Disability Benefits and Work
  
-Benefit Resources for Hoosiers with Disabilities

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Welcome to the Indiana Disability Work Supports web site. This site is designed to help Hoosiers with disabilities understand how going to work will impact their state and federal benefits. Please feel free to browse through several of our topics and resources.

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The  DISABILITY BENEFITS AND WORK website was conceived and developed through the efforts of Indiana’s disability community.  In 2004, numerous individuals with disabilities, family members, advocates, educators and rehabilitation providers, provided valuable recommendations on how to best develop informational materials. Supported by Indiana’s Family and Social Services Administration, Office of Medicaid Policy and Planning and funded through Indiana’s Medicaid Infrastructure Grant, this website provides basic information on federal and state work incentives and other resources that are helpful to individuals seeking employment. 

Please keep in mind that state and federal work incentives are complex. The information on the DISABILITY BENEFITS AND WORK web site contains only general information about the subjects described. While the information provided in this web site is valuable information, it may not apply to your particular situation. This web site is not intended to replace the expertise and assistance available through trained benefits counselors, such as the Community Work Incentive Coordinators available through Indiana Works, Work Incentives Planning and Assistance who are available to help individuals how work impacts each individual’s unique situation.

Tips for Beneficiaries Who Work:

Congratulations! You've taken that big step and have a job. There are some important things you should keep track of, and report to agencies, such as your local Division of Family Resources office, and the Social Security Administration. Here are some tips:

Know where your local Social Security Office is located as well as where your local Division of Family Resources office is located.

If you are planning to go to work or are working, it is important to notify agencies that provide you financial assistance (such as Medicaid, Social Security, Public Housing Assistance, Food Stamps, etc.). Before you contact any agencies you need to have the following information:

  • The start date of your employment,
  • Your employer's name, address and telephone number
  • About how many hours per week you will be working (even if it will vary)
  • Your hourly wage

Then:

1. Report your new job to your Social Security Administration Claims Representative (for both Social Security Disability Insurance and Supplemental Security Income). Find out how your Claims Representative wants you to report your income. It is important to write down the information for future refernce.

The Claims Representative may ask you to send your paycheck stubs for the previous month you worked to Social Security, or ask you to take them to the office. They need to see the original paycheck stubs. They will make a copy and return the original paycheck stub to you. ALWAYS KEEP YOUR PAYCHECK STUBS FOR YOUR RECORDS. You may also ask the Social Security Office for a receipt stating that you reported your earnings. This is called a work receipt (keep this receipt and your paycheck information in a file for future reference).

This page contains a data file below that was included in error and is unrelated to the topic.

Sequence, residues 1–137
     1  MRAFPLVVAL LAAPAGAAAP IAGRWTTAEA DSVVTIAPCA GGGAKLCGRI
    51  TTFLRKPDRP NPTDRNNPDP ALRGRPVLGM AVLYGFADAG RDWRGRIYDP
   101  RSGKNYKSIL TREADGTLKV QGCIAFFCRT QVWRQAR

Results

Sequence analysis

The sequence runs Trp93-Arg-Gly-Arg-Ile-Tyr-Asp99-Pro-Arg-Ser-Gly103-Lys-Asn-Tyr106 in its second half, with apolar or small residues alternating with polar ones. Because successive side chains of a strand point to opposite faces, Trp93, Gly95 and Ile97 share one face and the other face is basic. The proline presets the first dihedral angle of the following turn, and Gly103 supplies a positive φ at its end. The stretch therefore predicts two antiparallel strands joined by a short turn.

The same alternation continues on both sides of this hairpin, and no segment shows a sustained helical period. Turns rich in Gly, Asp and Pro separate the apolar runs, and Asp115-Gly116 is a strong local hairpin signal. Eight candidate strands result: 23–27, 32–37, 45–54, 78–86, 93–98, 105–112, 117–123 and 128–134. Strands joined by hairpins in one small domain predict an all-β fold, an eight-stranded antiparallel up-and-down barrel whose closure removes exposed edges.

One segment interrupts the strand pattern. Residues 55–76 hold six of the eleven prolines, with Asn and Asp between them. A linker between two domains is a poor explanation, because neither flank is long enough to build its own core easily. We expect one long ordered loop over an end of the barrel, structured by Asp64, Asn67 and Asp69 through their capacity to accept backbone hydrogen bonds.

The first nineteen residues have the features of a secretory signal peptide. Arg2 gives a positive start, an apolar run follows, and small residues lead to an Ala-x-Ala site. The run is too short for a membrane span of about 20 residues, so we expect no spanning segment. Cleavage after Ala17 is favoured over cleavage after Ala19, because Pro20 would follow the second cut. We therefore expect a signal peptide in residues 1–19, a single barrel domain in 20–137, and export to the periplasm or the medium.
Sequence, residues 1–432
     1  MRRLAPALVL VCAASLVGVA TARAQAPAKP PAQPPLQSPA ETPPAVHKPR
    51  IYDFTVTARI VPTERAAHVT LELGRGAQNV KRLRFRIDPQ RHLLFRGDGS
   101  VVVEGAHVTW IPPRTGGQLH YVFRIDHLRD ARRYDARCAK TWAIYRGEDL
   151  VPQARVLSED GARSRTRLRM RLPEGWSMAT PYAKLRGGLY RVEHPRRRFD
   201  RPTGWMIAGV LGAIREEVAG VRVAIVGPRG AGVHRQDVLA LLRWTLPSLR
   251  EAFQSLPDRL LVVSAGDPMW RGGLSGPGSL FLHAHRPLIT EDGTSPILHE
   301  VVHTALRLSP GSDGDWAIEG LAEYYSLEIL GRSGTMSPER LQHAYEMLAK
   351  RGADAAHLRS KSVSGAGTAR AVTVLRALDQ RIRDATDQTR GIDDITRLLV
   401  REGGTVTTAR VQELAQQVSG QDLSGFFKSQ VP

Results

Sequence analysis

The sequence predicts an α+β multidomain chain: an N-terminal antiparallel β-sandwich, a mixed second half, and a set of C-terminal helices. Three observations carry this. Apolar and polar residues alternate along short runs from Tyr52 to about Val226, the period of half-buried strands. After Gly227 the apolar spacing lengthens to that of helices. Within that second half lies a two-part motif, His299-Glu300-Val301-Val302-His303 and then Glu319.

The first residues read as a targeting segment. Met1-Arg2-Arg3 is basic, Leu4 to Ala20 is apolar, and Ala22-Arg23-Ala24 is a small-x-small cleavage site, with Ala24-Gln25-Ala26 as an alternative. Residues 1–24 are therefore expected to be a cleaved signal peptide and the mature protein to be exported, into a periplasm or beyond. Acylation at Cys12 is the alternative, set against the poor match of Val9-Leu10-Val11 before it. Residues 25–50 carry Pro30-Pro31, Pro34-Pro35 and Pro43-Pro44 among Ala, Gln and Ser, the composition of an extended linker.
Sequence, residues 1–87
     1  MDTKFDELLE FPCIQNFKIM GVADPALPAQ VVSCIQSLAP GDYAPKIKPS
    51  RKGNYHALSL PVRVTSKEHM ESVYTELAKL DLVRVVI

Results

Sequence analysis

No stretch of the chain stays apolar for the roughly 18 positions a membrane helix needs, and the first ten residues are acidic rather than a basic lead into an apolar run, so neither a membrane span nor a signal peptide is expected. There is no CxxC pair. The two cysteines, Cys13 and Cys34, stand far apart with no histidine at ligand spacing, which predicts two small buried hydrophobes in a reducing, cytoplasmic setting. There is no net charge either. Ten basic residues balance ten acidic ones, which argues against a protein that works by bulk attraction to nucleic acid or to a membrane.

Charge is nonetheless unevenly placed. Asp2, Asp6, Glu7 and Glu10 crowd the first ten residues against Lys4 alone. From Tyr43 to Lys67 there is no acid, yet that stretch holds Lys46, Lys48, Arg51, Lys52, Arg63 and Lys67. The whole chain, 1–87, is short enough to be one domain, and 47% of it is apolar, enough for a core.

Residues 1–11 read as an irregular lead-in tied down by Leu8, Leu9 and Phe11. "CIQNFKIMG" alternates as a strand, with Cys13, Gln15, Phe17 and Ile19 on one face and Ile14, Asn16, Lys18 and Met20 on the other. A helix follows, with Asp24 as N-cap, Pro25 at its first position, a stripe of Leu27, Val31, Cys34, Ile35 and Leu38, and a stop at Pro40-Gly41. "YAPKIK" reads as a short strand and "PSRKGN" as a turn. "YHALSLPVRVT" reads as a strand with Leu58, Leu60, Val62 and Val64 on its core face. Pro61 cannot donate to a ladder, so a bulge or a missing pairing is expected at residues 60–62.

Reporting your earnings will ensure that you are not receiving money from SSA that you are not entitiled to and will help you avoid an overpayment situation.

2. Contact your local Medicaid, Food Stamp, and Housing Authority representatives to report your new job. Ask then how they would like you to report your earnings. Sometimes different programs have different rules on reporting income. Write down what each agency tells you so that you won't forget.

3. You should always respond to letters or phone calls from Medicaid, Social Security or other public assistance programs whn they request information.

4. Keep a notebook to record all of the conversations you have with caseworkers, claims representatives, or other public assistance personnel. Write down the names of the person you are speaking to, the date, the time, what was discussed and what you were told.

5. Keep good records by putting all records and papers into a file box. If you need them in the future, you will have better access to them.

6. You must report any changes to the Social Security Administration such as a change in amrital status, change of address or change in employment status.

7. Contact Indiana Works for free work incentives planning and assistance. It is important to be informed of the work incentive rules that may apply to your benefits and assistance.

Good luck on your job!

Hoosiers with disabilities are getting new jobs every day!

 

The Disability Benefits and Work website was funded by the Medicaid Infrastructure Grant (CFDA # 93.768)

This site is intended for informational purposes only. Individual situations vary widely and must be evaluated on an individual basis by Division of Family Resources eligibility caseworkers, or Social Security Claims Representatives and/or Indiana Works-Community Works Incentive Coordinators. Links from this site are provided to help people research various topics and do not constitute endorsements by the State of Indiana or its partners.